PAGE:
In 1998, Vince accidentally became a pro-wrestling bad guy on his flagship cable wrestling show, Monday Night Raw, and his character, Mr McMahon, became one of the best pro-wrestling bad guys of all time. It was the evil owner’s feud with the ass-kicking Texas Rattlesnake “Stone Cold” Steve Austin that propelled the WWF to heights previously thought impossible. Stone Cold vs. McMahon became the hottest feud of all time in professional wrestling. Off the back of this now immortal feud, Vince was able to take the company public in 1999, retaining the majority of shares.

At the time of writing, Monday Night Raw is in its 31st season with an incomprehensible 1,655 episodes. Mr McMahon made his on-screen debut as the asshole boss in 1997 and was a regular fixture on the show for the following twenty years.

On screen, McMahon came to behave like no actual human would actually behave, even by professional wrestling standards. He walked with giant swinging arms, talked about his “genetic jackhammer,” and infamously had Trish Stratus bark like a dog in a segment so bizarre and uncomfortable it was used in a political attack ad during Linda McMahon’s 2012 US Senate bid. There were no limits to the Mr McMahon character. The character became a neverending power fantasy. And what always stuck out were the sexual overtones McMahon wrote into the character. Like a woman writing a novel where everyone praises the protagonist for her poise and beauty, Vince always had his sexual bravado on display. Sexuality was a built-in part of the Mr. McMahon character.

But while Vince got to live out the wrestling superstar fantasies he had as a younger man, something was still missing. Vince would probably tell you this himself if you caught him at the right moment. Yes, he got to wrestle every big name on his roster over his decade of in-ring action. Yes, he got to do a few of those big wresting stunts like jumping off a ladder through the announcers’ table. Yes, he got to have his head knocked off by a steel chair and got to bleed buckets. He even made himself world champion once. But one thing was missing: Vince was never really a winner. Vince was never a real tough guy.

Mr McMahon saw a ton of in-ring action as the evil, old owner of the WWE—who hired people, and fired people; who was feared and respected but literally everyone in the industry—but when the bell rang, Mr McMahon was never more than a kind of comedy relief. Even if he came to the ring looking as muscular as anyone on the roster, it still wouldn’t make sense for him to stand toe-to-toe with Stone Cold or the Undertaker. Vince wasn’t a wrestler at the end of the day, and everyone knew it. So when the bell rang, Mr McMahan was an awkward geek who got his ass kicked. Vince was a beta.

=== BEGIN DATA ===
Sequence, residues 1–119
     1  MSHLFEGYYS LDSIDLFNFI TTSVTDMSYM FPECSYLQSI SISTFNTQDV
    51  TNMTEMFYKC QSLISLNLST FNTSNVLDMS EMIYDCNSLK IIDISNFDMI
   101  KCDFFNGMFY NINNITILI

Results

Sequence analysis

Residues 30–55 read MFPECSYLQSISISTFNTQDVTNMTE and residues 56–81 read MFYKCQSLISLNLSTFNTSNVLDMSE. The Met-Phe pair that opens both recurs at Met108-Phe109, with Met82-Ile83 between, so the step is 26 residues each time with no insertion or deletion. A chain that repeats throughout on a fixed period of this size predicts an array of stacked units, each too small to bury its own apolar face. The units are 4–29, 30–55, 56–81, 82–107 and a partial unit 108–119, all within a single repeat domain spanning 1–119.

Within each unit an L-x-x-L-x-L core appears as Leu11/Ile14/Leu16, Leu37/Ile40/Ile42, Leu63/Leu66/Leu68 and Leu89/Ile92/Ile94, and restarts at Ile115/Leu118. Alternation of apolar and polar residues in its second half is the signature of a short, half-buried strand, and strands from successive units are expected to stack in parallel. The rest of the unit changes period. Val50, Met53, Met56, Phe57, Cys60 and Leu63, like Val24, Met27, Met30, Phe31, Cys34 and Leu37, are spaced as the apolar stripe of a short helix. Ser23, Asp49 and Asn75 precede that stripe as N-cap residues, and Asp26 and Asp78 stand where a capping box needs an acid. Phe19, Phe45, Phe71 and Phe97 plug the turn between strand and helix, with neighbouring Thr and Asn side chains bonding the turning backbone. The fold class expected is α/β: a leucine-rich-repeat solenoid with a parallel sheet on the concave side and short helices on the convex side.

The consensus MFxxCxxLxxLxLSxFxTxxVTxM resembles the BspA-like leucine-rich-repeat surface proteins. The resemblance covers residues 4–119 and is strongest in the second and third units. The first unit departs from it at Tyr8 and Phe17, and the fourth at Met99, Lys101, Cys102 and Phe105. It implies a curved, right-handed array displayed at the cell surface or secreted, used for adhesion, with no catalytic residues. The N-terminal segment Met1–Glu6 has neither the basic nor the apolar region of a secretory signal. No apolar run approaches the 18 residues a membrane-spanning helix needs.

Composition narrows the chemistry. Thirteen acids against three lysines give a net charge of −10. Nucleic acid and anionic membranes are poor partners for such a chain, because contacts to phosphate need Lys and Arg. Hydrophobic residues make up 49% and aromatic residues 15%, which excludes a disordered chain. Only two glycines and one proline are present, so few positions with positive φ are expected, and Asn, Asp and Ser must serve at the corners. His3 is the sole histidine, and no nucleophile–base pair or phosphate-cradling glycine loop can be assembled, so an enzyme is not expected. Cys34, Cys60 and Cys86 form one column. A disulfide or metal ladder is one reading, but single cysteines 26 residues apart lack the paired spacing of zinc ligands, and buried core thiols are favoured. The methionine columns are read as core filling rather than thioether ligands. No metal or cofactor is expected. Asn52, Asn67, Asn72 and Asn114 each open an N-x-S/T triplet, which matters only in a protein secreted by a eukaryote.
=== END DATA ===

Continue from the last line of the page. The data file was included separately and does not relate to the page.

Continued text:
Vince did everything he could to prove that wasn’t the case, at least in private. On one occasion, at some point in the 1980s, Vince was at a bar with the wrestlers—no TV cameras—and he challenged each of them to give him their finishing move right there, on the hard wooden floor. Yeah, I know, wrestling is phony bullshit and these moves are “sold” by the wrestlers performing them, but they’re still performed in a wrestling ring, with padding and a floor that has give. And yet, he was fighting a losing battle against himself, and especially against Mr McMahon, the wide-walking caricature he was to become. Whatever insecurities Vince had way back then were only magnified when the TV cameras were on and he was in an actual ring, being chokeslammed or stunnered or made to piss his pants by Stone Cold Steve Austin shooting him with a pistol that turned out to be a pop-gun.

Is it any wonder, then, that so many of Vince’s alleged perversions included his wrestlers and seemed to play on humiliating questions about his own potency?

Take, for example, the implied involvement of Brock Lesnar in the allegations. Vince was allegedly determined to set his accuser, Janel Grant, up with Lesnar, using sexual access to Grant as part of McMahon’s negotiations for a new contract with Lesnar. McMahon texted Grant after the meeting, telling her Lesnar said “She’ll be ruined after me and leave your ass!” Vince added, with evident glee, that Lesnar said Vince’s “tool won’t fit anymore.” Most men would keep such jibes to themselves, but not Vince.

It’s hard not to reach the conclusion that Vince developed a full-blown cuckold fantasy, with his wrestlers doing the dirty work he always wanted to—but never could. And if they wouldn’t do it in person, what’s the next best thing if not a series of sex toys named after them? That way, John Cena or the Ultimate Warrior would always be at the ready, night and day, to expose his physical limitations.

So maybe your parents were right, after all. Maybe wrestling really does rot your brain—especially if you’re the one who presides over the whole sorry show.